The state school board votes on Monday on whether to require the state’s largest online charter school, the Electronic Classroom of Tomorrow, to pay back $60 million in state funding it got for actually having 60 percent fewer students than it claimed it did.
It’s the latest in the fight between ECOT and the state, and the charter school says it won’t be the last.
A Department of Education hearing officer agreed with a Franklin County judge that ECOT owes that money for 9,000 students it was paid for who weren’t enrolled full time. The state contends ECOT must show it’s providing 920 hours of learning opportunities each year for each student.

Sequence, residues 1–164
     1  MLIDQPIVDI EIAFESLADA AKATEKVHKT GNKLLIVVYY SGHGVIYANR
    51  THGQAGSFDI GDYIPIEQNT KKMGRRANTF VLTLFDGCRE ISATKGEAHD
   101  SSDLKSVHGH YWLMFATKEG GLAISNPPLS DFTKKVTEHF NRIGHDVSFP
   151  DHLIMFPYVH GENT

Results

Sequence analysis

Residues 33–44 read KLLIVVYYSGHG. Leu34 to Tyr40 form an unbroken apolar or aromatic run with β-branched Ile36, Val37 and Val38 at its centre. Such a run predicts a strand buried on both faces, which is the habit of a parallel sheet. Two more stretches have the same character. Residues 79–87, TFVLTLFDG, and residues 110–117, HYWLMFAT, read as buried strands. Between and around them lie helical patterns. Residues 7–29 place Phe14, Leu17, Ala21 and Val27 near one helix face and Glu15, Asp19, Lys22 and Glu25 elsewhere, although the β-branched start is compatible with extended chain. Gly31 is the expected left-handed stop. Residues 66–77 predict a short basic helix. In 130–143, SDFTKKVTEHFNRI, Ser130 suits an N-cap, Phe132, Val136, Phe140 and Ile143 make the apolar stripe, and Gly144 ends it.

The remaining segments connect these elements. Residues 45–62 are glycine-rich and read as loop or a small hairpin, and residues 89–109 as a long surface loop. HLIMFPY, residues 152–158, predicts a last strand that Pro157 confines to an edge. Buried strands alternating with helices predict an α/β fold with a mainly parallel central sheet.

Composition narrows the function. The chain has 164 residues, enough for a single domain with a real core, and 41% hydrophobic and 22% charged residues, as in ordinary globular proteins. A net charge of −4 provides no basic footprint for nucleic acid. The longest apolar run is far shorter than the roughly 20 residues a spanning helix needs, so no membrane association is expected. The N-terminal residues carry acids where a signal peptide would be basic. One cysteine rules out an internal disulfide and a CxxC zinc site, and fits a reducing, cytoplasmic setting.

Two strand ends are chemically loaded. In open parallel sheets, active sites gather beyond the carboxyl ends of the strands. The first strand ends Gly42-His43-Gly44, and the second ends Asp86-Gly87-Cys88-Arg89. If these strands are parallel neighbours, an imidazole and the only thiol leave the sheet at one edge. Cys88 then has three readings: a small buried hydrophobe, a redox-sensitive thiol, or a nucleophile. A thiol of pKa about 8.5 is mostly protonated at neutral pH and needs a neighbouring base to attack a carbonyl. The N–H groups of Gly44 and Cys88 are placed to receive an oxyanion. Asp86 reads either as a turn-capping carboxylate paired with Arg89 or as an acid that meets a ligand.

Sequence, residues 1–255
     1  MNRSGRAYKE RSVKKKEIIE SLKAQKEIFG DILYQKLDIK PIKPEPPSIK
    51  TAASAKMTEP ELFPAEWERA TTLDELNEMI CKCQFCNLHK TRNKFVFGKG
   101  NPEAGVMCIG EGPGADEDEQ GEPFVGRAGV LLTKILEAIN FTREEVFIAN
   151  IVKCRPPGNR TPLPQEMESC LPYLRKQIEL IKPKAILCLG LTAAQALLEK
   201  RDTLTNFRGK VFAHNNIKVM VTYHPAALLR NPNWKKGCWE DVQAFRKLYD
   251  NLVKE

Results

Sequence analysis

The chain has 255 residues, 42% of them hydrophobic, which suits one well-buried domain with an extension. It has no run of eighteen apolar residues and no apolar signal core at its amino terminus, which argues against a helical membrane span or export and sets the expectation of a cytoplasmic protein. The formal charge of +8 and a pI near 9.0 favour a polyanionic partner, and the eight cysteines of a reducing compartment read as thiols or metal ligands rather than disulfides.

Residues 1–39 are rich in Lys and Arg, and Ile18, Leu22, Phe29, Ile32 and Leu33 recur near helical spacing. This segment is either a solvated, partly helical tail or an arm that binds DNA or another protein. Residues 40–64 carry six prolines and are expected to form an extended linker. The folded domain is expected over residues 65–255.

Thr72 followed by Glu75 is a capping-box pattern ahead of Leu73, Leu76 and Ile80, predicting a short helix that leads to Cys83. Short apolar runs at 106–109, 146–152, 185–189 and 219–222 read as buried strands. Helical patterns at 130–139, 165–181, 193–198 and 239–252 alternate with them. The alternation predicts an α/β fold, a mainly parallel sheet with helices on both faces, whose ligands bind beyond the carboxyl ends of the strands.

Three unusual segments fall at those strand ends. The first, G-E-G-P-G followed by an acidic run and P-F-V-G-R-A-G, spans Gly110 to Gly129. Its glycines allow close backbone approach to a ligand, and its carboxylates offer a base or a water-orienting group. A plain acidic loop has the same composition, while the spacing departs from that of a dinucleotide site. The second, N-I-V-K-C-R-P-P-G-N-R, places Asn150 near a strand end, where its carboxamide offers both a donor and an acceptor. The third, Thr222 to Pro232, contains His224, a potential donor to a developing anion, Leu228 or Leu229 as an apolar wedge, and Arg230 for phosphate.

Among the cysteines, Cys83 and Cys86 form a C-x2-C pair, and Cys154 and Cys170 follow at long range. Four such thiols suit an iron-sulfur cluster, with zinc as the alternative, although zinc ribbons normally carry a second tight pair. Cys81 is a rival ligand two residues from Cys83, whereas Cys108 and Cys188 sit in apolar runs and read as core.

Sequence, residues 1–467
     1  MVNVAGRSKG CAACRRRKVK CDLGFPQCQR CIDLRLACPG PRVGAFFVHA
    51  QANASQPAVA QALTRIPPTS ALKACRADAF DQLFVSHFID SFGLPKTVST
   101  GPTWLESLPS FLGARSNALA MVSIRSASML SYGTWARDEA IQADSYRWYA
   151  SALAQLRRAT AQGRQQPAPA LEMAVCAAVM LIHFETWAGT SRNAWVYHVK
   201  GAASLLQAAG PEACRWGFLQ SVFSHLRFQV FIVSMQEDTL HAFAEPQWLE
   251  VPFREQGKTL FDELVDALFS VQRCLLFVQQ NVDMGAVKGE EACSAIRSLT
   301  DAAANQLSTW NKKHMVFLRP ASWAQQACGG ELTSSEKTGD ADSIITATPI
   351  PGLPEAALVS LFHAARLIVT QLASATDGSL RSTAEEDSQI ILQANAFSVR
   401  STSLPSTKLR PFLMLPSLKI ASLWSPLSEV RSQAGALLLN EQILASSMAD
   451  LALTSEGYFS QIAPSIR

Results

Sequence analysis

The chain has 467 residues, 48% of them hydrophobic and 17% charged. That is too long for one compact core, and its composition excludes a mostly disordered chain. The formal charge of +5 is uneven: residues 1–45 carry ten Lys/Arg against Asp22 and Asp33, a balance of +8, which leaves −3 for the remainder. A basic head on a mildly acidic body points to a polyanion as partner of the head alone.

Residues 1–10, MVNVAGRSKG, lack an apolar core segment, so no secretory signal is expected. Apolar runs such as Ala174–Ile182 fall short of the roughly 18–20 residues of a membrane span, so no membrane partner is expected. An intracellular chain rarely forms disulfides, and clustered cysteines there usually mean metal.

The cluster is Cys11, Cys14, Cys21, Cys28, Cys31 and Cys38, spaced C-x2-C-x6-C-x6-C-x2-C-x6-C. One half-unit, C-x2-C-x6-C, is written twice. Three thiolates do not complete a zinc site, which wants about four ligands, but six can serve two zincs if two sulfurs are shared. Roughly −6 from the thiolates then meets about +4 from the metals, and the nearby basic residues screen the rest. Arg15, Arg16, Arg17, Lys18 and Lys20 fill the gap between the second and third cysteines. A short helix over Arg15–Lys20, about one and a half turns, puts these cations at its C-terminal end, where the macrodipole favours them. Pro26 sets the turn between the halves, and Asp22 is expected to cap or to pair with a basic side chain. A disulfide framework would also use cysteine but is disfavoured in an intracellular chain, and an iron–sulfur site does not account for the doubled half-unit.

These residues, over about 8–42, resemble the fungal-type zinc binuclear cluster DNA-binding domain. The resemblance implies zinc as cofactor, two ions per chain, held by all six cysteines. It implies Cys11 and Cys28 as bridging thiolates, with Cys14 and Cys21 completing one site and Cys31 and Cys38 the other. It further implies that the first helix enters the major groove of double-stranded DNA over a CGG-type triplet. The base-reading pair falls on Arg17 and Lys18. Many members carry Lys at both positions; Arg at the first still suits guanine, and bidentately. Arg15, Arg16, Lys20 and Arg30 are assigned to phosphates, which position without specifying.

But ECOT has claimed that it’s following the law and a contract it signed in 2003 which didn’t require it track the hours students spent online. ECOT spokesman Neil Clark says no matter the vote, this battle with ODE isn’t over.
“We will resist any actions that they take and we’ll continue to appeal to the General Assembly or others to correct what’s been going wrong in this process.”
And when asked if it will go to the Ohio Supreme Court, Clark says, “Absolutely.”
But state school superintendent Paolo DeMaria has said he thinks the law is clear.